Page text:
Everything You Need For A Master Compressor
Everyone knows the Waves API. True right?
API is a company acronym standing for Automated Processes Incorporated.
During the 60s and 70s, the company pioneered using computer controlled mixer automation (which is fairly common today and done digitally through DAWs) and using VCA technology on onboard mixing equipment.
They were also the people responsible for that lunchbox looking rack that engineers put up when they’re outdoors setting up some gig of some sort.
API hardware is hard to come by these days and can be very expensive.
Renowned Audio Plugin Maker Waves made the API 2500 something to think about.
But I advise you not to think after this review. Trust Me!!
You can also check this article about one of the top waves plugins today
So How Does It All Sound
The API 2500 plugin is API’s leading in-one product that allows you to shape the punch and accuracy of your mixes without much trouble.
Using a dual-channel design, it could introduce two mono signals using a single compression setting.
It’s a compressor, but one that’s capable of housing busses together for compression.
This product is definitely less pricey than the rare analog equipment version, but it’s certainly tops when it comes to its function and sound.
You have the usual
- Ratio and…
- Release controls.
The release control is something special simply because while there’s locked settings for the release, you could do a modern release using the grayed-out knob once you place release on its full setting.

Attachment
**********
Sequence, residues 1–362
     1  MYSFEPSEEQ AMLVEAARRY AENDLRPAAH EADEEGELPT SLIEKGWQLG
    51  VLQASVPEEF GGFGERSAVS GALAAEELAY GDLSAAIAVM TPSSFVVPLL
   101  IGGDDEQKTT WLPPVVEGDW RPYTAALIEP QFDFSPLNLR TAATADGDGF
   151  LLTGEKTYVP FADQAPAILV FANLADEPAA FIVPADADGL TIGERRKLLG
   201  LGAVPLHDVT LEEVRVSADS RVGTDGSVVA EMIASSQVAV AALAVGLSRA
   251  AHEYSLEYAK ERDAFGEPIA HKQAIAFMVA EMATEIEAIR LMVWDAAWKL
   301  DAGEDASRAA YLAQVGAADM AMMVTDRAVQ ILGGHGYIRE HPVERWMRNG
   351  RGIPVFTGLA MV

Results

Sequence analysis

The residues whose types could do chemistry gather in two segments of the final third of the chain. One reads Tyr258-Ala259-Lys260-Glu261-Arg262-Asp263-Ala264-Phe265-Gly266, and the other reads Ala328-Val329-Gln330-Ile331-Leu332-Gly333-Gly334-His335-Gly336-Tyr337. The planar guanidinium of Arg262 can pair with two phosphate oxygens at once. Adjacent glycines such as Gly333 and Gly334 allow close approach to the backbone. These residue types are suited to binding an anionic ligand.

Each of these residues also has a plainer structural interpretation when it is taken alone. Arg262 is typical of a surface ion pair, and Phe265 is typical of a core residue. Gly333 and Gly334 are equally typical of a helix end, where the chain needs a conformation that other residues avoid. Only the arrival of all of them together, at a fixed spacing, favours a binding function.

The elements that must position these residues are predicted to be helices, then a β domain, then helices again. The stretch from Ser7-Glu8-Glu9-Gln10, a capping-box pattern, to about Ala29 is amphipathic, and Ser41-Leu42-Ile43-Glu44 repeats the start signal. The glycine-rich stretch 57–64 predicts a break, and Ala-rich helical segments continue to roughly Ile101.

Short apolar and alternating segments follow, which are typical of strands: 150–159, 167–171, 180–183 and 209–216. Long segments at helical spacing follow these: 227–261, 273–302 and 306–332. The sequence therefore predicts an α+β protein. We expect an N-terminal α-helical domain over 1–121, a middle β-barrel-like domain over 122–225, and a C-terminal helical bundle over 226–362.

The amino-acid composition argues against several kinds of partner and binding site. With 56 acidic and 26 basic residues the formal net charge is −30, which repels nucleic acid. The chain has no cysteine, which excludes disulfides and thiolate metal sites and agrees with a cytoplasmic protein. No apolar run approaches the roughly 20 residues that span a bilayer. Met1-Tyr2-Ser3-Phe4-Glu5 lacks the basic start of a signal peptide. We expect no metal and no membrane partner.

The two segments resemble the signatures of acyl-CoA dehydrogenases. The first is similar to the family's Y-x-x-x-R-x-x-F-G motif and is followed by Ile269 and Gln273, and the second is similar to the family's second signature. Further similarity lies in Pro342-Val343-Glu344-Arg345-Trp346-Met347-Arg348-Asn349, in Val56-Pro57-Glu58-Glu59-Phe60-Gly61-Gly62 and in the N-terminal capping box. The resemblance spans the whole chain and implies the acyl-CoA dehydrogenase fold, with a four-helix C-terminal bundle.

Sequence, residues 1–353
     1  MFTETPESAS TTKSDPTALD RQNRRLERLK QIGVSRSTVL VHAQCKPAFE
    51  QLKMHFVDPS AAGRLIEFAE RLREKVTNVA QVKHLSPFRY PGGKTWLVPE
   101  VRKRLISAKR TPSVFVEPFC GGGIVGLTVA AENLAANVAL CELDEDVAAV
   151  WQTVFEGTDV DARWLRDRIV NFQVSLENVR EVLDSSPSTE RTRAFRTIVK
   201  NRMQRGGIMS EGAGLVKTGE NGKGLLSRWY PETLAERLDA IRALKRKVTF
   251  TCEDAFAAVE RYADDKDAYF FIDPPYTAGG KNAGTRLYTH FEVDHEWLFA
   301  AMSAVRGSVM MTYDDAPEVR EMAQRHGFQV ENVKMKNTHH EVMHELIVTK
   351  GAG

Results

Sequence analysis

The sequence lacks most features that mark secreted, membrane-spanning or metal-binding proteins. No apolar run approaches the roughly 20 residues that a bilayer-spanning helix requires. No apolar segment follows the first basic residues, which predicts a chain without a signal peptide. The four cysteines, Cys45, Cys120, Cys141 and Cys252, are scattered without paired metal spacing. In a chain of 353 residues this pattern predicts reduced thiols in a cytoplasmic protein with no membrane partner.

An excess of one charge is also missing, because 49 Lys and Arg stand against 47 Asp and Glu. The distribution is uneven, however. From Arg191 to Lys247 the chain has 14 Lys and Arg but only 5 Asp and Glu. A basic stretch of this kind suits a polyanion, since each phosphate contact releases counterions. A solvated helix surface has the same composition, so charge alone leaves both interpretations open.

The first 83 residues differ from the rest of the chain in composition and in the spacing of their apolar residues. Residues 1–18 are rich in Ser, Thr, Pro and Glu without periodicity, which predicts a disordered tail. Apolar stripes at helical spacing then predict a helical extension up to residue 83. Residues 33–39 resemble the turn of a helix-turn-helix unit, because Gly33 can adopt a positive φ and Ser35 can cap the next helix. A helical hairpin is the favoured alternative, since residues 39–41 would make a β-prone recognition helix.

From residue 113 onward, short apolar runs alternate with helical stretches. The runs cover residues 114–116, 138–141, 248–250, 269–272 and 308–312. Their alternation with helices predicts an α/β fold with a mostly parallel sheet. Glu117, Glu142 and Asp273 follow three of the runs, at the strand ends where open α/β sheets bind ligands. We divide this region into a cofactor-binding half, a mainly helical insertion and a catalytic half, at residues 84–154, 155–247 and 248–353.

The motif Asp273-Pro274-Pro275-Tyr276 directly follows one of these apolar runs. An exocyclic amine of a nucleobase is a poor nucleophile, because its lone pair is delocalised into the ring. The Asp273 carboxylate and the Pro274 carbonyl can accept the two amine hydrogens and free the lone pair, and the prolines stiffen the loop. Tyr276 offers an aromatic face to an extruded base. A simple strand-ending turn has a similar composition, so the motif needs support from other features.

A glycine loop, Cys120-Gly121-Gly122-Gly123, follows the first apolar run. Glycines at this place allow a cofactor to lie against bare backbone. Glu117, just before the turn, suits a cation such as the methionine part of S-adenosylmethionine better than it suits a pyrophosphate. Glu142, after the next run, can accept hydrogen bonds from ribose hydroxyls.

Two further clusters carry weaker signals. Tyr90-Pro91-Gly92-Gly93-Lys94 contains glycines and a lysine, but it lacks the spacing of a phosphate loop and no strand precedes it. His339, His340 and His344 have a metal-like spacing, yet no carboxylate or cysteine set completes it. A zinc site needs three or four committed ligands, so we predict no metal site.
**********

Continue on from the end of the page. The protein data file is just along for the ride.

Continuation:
It’s definitely a mix compressor no doubt, one that could function better even than modern dynamic compressors.
While in my studio,
I opted for this compressor because when I set up a slow attack with a normal “thrust” using the API circuit which applies a tilt to the entire frequency spectrum and the old feedback tone type.
The best thing about it? The rock mix I made just sounds so decent I couldn’t believe my ears.
Even when you thought your settings were a bit bland or lacking at the very least, you could still have some natural frequency excitement I have yet to find in other plugins.
I’ve also tested this out on individual tracks.
Inconsistent velocity hits from drums resulted into uniform sounds with retained dynamics with the right settings.
Vocals that tend to go on and off frequencies and volumes now sound as if they’re sung in the right way.
I forgot to mention that the API plugin has an analog switch that allows you to create noise and harmonic distortion to replicate the imperfections of analog circuitry.
Some people, like me, like that.
But listening to it, I couldn’t really hear it much.
Unless you kill dynamics using compression, you could bring out the sound.
It also has an increased CPU load, mind you, so beware using this little function that could be useful if you want to create some old recordings.
The API 2500 is part of the Waves API Bundle and to be honest,
it takes the cake already despite the other plugins available for use.
Each of them has special uses, but once you hear the API 2500,
you will never feel the same way about your other plugins again!